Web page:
ZURICH (Reuters) - The Football Associations of England, Scotland, Northern Ireland and Wales have been fined for displaying poppies during World Cup qualifiers last month, soccer’s governing body said on Monday.
England, who said they would appeal, were fined 45,000 Swiss francs (£35,400) for what FIFA described as the “display of a political symbol” on players’ shirts and around the stadium during the 3-0 win over Scotland at Wembley, plus crowd misconduct.
Scotland were fined 20,000 Swiss francs for displaying the same political symbol as well as crowd problems.
Wales were fined 20,000 Swiss francs and Northern Ireland 15,000 for displaying political symbols in the home games against Serbia and Azerbaijan respectively.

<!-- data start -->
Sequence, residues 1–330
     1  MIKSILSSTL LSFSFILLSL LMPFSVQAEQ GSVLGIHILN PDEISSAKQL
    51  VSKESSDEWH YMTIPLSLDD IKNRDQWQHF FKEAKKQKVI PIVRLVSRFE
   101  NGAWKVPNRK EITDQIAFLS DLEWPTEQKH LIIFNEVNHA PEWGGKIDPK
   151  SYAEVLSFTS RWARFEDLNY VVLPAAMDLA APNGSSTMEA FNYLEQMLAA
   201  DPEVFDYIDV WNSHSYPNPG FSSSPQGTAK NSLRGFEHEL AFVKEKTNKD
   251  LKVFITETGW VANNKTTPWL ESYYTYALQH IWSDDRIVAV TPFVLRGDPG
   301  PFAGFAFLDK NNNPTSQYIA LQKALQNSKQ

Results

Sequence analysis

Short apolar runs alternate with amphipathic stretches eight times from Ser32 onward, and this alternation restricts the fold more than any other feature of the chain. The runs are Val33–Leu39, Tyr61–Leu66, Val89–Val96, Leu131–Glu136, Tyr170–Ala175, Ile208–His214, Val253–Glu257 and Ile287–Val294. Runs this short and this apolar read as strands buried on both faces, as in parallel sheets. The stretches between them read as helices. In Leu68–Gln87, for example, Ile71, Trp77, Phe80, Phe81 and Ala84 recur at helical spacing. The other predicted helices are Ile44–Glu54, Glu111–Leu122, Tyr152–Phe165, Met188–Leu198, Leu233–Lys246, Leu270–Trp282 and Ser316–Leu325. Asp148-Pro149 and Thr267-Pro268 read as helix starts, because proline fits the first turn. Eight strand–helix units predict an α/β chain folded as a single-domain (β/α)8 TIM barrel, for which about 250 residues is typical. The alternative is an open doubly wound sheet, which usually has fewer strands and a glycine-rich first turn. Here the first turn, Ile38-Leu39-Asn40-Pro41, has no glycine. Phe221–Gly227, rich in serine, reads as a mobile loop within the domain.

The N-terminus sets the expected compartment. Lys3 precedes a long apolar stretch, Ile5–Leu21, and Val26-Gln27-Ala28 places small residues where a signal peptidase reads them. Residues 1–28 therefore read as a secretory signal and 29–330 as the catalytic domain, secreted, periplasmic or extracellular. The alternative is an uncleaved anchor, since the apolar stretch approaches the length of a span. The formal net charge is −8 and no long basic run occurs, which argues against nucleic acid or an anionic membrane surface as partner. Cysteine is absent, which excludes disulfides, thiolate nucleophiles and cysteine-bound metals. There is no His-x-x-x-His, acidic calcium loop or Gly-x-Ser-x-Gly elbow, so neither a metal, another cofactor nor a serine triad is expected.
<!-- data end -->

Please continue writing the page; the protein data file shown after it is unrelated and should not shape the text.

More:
The matches were all played in November around Remembrance Sunday when Britain pays tribute to soldiers who lost their lives in the two World Wars.
“It is not our intention to judge or question specific commemorations as we fully respect the significance of such moments in the respective countries, each one of them with its own history and background,” said Claudio Sulser, head of FIFA’s disciplinary committee.
”However, keeping in mind that the rules need to be applied in a neutral and fair manner across FIFA’s 211-member associations, the display, among others, of any political or religious symbol is strictly prohibited.
”In the stadium and on the pitch, there is only room for sport, nothing else.”
In a separate case, Ireland were fined 5,000 Swiss francs for using a logo commemorating the centenary of the Easter rising during a friendly against Switzerland in March.
“We note the decision by the FIFA disciplinary committee which we intend to appeal,” said the English FA on Twitter.
“As a first step we have written to FIFA requesting the grounds for the decision.”
Writing by Brian Homewood, editing by Ed Osmond